A trip to the local variety store produced a bag of marbles very close to bore size.
He killed a very nice elk cow at about 70 yards with a double patched marble. The marble was recovered intact.
No round ball is going to be deformed or damaged being shot from a black powder gun. It is very likely it will get damaged being loaded with a very tight fit and a hard pounding to start and\or set the ball to the powder. It will also likely be damaged when it impacts the final destination.
 

Spence10

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A trip to the local variety store produced a bag of marbles very close to bore size.
He killed a very nice elk cow at about 70 yards with a double patched marble.
It's HC/PC.

THE VIRGINIA GAZETTE
September 22, 1774
LONDON, July 11July 13. We hear from Haltwistle, that on Thursday last, a Collection of wild Beasts being in a Barn, a large Russian Bear broke loose, and instantly devoured two of the other Animals of the Collection; then made an Attempt upon one of the Keepers, who narrowly escaped with his Life. Upon this Alarm, the whole Town assembled together around the Barn, and fired several Times at the Beast, but to little Purpose, as they could not readily procure Balls, but at last a young Gentleman shot it dead with a small Marble.

Spence
 

Griz44Mag

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It's HC/PC.

THE VIRGINIA GAZETTE
September 22, 1774
LONDON, July 11July 13. We hear from Haltwistle, that on Thursday last, a Collection of wild Beasts being in a Barn, a large Russian Bear broke loose, and instantly devoured two of the other Animals of the Collection; then made an Attempt upon one of the Keepers, who narrowly escaped with his Life. Upon this Alarm, the whole Town assembled together around the Barn, and fired several Times at the Beast, but to little Purpose, as they could not readily procure Balls, but at last a young Gentleman shot it dead with a small Marble.

Spence
I did not know they had marbles back then. Pretty cool - from 247 years ago!
Just one curiosity - why the heck did someone bring a bear all the way from Russia?
 

Spence10

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Just one curiosity - why the heck did someone bring a bear all the way from Russia?
Since other wild animals were mentioned, I would assume a circus, traveling animal show, or some such.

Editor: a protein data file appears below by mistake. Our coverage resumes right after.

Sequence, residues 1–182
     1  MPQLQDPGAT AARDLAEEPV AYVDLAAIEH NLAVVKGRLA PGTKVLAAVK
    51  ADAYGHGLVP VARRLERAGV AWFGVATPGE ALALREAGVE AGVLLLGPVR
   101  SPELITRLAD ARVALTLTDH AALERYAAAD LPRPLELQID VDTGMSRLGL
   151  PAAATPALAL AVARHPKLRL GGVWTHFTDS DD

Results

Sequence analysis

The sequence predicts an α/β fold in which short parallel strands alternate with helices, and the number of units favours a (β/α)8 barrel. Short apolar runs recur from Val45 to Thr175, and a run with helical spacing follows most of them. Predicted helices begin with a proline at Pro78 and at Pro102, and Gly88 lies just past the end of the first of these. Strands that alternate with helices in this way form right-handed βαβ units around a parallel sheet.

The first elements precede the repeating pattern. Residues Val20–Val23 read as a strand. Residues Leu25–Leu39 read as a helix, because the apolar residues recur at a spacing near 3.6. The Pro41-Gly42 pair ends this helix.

Marbles were apparently commonly available.

The Pennsylvania Gazette
January 5, 1748
From the GENERAL MAGAZINE. A New Method of making BULLET MOULDS.

THE Badness of the Bullet Moulds brought into America for common Sale, and the Difficulty of meeting with one of them, bad as they are, that will fit one's Gun , will render the following Invention, for making (easily) true and exact Bullet Moulds, agreeable to all Lovers of good Shooting. First provide yourself with two Pieces of Lead about an Inch and Half, or two Inches Square, and half as thick, and smooth their Faces, so that when joined they may make near a Cube; then get some Marbles (such as Boys play with) from the smallest to the Size that fits your Gun, oyl or grease the Marbles and Lead well; and with the Assistance of a Smith's Vyce, with two flat Pieces of Iron in the Chaps of it, press the two Pieces of Lead with the smallest Marble between, till the Marble be quite sank in the Lead; then put in the next greater, always remembering to keep the Lead and Marbles well oyl'd do thus successively, till you have brought it to the Size you want: And, to prevent the Bullets having Edges, smooth the Faces of the Mould, and press in the same Marbles several Times, by which Means you may make Moulds of wonderful Exactness. Then cut a Gate and fit the Corner with Pins, to keep the Pieces in a proper Position for casting. When you use it, smoke it well, and take Care the melted Lead be not so hot as to burn Paper.

Spence